Hope your week out in the comedy trenches was a fun one. If it wasn’t, I hope that at least, it triggered a realization about how to do better next time.
By now the Comedy Refinement Process should feel like second nature. You look through the things you wrote down, form them into jokes, write new jokes from scratch, and fix the old ones that look fixable. Arrange them with the hardest hitting jokes at the beginning and end. Give your untried material a safe space in the middle of your act. Graduate any jokes that are ready for Group One.
I have generally been describing this process in the abstract. This week I’ll get specific. Some of you may be wondering, “OK, I’m supposed to see what elements I can use to improve a joke that isn’t working. That’s easy to say, but what do you mean, exactly?” Or, “You say to cut useless setup words, but how do I know what’s useless?” I felt this week I should bring the abstract down to earth. I will use an actual Open Mic joke to demonstrate exactly what I mean.
Some time this past year, I was at an Open Mic. I won’t say where. I watched a beginner comic tell a joke. I won’t say who it was. It’s not important. I’m also going to leave out a detail about the joke to protect their identity. But I am going to use a version of their bit to show you exactly how I would go about the “fix the jokes that didn’t work” part of the Process.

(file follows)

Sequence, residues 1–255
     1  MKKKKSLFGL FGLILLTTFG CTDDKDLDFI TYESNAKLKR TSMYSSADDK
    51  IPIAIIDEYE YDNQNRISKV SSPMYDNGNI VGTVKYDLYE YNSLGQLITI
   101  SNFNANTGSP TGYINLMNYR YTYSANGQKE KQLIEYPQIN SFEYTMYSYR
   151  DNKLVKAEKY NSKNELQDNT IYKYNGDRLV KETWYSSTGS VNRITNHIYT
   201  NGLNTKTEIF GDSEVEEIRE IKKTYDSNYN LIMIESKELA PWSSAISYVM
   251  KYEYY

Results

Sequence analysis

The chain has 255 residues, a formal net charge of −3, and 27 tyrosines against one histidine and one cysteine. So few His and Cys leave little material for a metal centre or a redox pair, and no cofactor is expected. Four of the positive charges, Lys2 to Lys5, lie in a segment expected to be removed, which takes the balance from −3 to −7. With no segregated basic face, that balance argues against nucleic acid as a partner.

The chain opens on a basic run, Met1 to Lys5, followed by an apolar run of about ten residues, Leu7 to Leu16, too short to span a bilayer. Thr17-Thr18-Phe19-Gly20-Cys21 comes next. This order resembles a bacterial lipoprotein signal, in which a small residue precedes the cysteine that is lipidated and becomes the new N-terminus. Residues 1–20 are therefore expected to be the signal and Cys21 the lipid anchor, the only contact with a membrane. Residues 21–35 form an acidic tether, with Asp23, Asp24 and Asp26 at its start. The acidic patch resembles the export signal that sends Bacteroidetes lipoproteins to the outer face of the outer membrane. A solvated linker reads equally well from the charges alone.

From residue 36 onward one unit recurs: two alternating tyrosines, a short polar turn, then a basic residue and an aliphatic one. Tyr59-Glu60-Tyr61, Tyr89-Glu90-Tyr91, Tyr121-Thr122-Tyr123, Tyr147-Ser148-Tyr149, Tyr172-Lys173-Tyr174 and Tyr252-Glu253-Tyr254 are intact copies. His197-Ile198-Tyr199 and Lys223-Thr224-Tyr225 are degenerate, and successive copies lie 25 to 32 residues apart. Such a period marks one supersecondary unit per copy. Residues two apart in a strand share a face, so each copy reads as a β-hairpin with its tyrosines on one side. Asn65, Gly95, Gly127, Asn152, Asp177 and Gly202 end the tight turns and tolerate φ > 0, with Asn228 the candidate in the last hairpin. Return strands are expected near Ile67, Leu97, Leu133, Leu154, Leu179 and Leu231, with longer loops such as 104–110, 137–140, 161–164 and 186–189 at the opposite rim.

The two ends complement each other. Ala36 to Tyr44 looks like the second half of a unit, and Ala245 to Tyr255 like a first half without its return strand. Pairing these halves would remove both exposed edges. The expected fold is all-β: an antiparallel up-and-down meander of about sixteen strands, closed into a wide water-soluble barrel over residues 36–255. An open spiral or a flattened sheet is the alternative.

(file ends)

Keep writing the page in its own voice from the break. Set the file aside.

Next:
In the joke, the comic used the name of a low-income town adjacent to the town the Open Mic was in. This place was the butt of many of the local comedians’ bits. This is a stock device you will often see on the road. A comic will ask ahead of time which town everyone thinks sucks. Then he will slam it with generic “Mad Libs” bits than can apply to any crappy place. If you are trying to be an original comedian, it’s generally a hackneyed device to steer clear of. However, I give beginners a lot of leeway. Comedy is hard, and when you are starting, you are allowed to use whatever you need to. You need to figure out how to get laughs at all. I won’t give the name of this particular low-income town to protect the Open Micer’s identity. We’ll just call it “Junktown.”
I want to do something a little different. Can I read a poem I wrote about the young woman I saw working at the Subway in Junktown?
(pulls out poem, adopts overly emotive, formal voice)
Oh, young lady I saw working at Subway…
(switches to blunt and incredulous)
where are your teeth!? Where are your fucking teeth! And without teeth, how did you find someone to get you pregnant?
So here we go. First of all, I’d like to point out that I don’t like this joke. It’s mean-spirited. It is cruel to a low status person whose only offense was to be poor. Losing your teeth is something that happens to rich people too, but they have the means to fix it. Is kicking an unfortunate fast food worker when they are down a worthwhile use of comedic power? Is this person a worthy target? If you feel this arrogant point of view is worth writing from, what element elevates the joke into clever comedy and away from easy bullying?